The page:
In some areas, however, data indicate that wet nitrate deposition has increased, while sulfate deposition has decreased. For example, NADP precipitation chemistry data, which track the fate and transport of pollutants from local and upwind sources, show transfers of air contaminants to sensitive Vermont aquatic and terrestrial ecosystems. Figure 2-1 shows nitrate and sulfate concentrations in rain and snow in Bennington, Vermont, from 1981 to 1995. Nitrate concentrations appear to have increased, while sulfate concentrations have decreased. This decline in sulfate deposition is believed to be a consequence of SOX reductions from power plants in the eastern United States, where further reductions are anticipated as Title IV of the U.S. CAA continues to be implemented. The increase in nitrate deposition is believed to be due to the lack of concurrent efforts to reduce NOX emissions from vehicles and power plants.
2.4 Anticipated Future NOX Reductions
NOX emission reductions can be expected in the next few years as the U.S. Clean Air Act Amendments of 1990 continue to be implemented and as the recent OTAG recommendations take hold in the eastern United States. This will provide a significant opportunity, through ambient air monitoring and atmospheric research before, during, and after the reductions, to understand and quantify the role of NOX in the atmosphere and in ecosystems. Changes in emissions, chemical transformations, deposition, and environmental and human health effects can be studied with an eye toward clarifying the role of NOX in the formation of ozone, acid rain, and particulate matter. Such a clarification is essential to identify and understand the probable impacts of further NOX reductions. As significant effects are associated with the long-range (including transboundary) transport of this pollutant, it is important that the United States and Canada collaborate as soon as possible to design and execute such studies.
2.5 Technology: Emission Controls and Energy Conservation
NOX emissions can be reduced by retrofitting sources with control technology and by adopting energy conservation measures. Proven NOX control technology, although expensive, is now available and in use. Energy conservation measures have played a major role in restraining the growth rate of NOX emissions, but emissions have nonetheless continued to increase in many areas. Because of the link between energy use and air pollution, it is clear that additional energy conservation steps -- with a particular emphasis on vehicular efficiency -- are needed. Over the long term, these steps will need to include widespread use of low- and zero-emission vehicles (LEVs and ZEVs), development of alternative fuels and energy sources, and further advances in energy conservation in the industrial and residential sectors. These steps -- which may be taken as part of efforts to reduce carbon dioxide (CO2) releases in response to concerns about anticipated global climate change -- will provide a significant additional benefit in the form of reduced NOX emissions.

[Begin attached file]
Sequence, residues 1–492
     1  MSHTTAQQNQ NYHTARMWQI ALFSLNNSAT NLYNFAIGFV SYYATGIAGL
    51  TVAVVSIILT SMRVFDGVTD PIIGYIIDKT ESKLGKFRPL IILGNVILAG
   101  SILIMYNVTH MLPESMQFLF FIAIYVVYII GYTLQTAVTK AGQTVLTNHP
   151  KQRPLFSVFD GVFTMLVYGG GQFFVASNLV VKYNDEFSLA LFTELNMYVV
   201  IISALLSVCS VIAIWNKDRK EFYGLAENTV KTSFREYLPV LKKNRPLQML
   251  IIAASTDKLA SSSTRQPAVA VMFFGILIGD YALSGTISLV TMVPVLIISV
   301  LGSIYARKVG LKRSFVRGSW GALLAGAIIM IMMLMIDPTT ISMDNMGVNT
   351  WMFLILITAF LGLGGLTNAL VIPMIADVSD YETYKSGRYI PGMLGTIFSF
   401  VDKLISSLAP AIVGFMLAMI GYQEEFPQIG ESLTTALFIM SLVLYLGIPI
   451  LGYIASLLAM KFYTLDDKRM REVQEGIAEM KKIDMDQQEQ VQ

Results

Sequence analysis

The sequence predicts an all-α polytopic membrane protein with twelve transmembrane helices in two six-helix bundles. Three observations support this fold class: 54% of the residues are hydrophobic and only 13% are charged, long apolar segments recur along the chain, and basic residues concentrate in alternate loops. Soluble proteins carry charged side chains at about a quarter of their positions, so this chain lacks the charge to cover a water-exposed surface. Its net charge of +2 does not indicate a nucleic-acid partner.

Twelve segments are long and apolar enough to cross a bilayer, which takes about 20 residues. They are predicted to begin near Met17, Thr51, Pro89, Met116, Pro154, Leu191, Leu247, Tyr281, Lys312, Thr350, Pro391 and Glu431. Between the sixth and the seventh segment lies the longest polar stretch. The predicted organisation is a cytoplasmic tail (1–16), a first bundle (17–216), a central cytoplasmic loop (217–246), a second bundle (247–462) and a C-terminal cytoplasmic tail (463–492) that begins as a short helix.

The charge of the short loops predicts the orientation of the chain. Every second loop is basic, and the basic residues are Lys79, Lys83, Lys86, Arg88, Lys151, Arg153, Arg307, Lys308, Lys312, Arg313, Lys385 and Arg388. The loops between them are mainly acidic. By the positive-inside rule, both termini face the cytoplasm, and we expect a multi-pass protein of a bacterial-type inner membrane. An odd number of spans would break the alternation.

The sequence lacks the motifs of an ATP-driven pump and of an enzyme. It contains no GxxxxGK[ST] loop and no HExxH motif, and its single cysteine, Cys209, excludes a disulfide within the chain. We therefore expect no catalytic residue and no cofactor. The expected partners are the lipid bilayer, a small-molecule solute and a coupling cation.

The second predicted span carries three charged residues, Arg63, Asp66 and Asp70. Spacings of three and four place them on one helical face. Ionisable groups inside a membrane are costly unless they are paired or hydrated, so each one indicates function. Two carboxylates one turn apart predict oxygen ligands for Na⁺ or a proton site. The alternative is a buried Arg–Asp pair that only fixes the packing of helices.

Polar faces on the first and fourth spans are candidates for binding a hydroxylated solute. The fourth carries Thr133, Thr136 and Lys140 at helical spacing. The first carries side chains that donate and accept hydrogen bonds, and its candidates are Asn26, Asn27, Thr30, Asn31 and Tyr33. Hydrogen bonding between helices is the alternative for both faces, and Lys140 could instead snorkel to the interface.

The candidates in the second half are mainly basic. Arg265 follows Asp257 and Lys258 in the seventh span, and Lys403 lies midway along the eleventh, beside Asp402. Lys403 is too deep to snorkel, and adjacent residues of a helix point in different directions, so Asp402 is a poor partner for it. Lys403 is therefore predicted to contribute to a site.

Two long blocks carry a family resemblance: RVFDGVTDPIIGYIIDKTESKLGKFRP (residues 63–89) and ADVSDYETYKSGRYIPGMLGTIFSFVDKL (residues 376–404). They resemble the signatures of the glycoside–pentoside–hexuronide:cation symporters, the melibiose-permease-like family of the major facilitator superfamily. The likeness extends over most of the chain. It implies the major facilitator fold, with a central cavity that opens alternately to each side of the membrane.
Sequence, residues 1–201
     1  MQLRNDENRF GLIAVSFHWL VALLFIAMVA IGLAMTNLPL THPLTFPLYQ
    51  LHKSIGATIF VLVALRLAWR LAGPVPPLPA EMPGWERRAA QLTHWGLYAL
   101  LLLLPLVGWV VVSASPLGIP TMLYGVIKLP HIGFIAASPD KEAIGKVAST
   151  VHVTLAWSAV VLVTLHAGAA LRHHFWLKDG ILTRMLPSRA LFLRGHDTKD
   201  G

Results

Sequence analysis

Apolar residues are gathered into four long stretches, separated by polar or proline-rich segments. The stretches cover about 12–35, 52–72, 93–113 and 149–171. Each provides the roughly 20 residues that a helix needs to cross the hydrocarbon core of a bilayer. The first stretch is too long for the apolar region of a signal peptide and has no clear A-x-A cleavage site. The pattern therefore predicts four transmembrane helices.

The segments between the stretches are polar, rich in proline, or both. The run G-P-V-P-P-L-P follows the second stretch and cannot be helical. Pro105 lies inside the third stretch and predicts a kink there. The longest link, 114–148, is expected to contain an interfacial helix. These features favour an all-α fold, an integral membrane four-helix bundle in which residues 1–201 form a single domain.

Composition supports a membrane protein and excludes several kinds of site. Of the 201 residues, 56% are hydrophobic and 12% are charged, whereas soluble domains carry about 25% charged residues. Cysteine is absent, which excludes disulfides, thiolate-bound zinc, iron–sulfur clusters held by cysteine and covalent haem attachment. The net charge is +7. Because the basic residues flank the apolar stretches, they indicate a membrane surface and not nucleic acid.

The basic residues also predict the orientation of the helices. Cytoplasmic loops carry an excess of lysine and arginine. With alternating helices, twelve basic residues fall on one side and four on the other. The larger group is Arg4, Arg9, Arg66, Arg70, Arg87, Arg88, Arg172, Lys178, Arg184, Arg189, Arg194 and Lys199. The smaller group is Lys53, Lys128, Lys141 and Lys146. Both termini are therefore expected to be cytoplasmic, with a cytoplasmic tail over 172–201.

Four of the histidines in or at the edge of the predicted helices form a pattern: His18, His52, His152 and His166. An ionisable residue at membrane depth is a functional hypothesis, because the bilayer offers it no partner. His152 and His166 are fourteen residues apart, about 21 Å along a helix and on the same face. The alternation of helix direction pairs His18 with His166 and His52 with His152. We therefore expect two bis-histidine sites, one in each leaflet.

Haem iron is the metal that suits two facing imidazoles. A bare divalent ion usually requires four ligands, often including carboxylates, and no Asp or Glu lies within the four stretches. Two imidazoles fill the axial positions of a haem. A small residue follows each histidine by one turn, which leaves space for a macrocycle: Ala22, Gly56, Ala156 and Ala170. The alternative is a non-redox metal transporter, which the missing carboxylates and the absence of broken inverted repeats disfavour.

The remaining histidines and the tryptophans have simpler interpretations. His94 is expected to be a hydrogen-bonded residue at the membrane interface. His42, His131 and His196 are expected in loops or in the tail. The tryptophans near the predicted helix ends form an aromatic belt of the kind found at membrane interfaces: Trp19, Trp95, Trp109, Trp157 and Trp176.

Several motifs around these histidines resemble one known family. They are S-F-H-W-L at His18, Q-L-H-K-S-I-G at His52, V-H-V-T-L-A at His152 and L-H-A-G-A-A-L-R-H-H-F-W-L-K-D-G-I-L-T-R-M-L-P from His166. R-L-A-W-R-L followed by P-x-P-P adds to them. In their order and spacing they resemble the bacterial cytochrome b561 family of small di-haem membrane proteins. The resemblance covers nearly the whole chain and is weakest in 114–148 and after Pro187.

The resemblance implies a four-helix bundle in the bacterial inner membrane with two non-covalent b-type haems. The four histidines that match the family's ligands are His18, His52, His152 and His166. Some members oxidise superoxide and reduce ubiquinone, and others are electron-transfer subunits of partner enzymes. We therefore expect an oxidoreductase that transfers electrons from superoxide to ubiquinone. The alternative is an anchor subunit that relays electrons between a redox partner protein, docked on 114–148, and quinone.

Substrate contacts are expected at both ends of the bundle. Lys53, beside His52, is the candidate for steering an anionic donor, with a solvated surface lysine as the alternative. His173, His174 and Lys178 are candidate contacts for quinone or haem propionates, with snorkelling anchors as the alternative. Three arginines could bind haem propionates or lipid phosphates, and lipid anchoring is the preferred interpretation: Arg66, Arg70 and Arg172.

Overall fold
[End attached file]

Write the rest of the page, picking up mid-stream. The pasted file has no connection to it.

"End of pipe" emission control policies, while imperative in the short term, will be inadequate to achieve widespread reductions of NOX and other emissions in the long term. As the twenty-first century begins, technologies that are highly energy efficient and designed around the philosophy of "zero discharge" must be developed. While this philosophy should be applied to all sectors and activities, particular emphasis should be placed on decreasing the intensity of energy use and increasing the energy efficiency of both fossil fuel-fired, thermal-electric generating plants and the transportation sector.
While many complex factors influence their production, it is likely that NOX emissions will change substantially in eastern North America. Given this, the Board recommends the following: